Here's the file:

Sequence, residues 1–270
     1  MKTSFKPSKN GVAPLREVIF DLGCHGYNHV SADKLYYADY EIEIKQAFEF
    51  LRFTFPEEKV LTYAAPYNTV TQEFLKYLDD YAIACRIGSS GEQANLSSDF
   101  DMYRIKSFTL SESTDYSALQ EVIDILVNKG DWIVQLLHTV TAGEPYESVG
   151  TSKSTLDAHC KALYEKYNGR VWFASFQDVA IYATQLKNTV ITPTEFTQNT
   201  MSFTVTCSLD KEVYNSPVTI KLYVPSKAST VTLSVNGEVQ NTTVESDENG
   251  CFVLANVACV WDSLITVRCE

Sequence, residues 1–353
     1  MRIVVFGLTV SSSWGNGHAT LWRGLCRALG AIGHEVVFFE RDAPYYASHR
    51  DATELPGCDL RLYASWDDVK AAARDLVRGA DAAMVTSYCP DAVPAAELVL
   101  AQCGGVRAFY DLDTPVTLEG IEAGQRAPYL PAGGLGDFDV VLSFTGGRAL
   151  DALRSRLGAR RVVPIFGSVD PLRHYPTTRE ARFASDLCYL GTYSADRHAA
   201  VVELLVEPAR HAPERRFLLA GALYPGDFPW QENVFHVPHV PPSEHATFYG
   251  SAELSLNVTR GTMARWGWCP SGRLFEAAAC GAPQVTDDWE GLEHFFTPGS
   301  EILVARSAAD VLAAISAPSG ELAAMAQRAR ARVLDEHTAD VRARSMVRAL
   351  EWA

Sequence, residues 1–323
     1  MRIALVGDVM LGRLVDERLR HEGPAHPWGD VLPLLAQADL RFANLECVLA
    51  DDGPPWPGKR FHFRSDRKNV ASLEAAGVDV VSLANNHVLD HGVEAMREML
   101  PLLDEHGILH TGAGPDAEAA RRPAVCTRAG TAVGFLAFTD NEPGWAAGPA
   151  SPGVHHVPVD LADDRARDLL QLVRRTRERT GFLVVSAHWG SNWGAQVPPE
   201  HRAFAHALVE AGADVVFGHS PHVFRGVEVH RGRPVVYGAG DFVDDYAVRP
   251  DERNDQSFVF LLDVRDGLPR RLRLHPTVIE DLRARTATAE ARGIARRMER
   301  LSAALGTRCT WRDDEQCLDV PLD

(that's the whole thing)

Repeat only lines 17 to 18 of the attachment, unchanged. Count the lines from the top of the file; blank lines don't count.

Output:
Sequence, residues 1–323
     1  MRIALVGDVM LGRLVDERLR HEGPAHPWGD VLPLLAQADL RFANLECVLA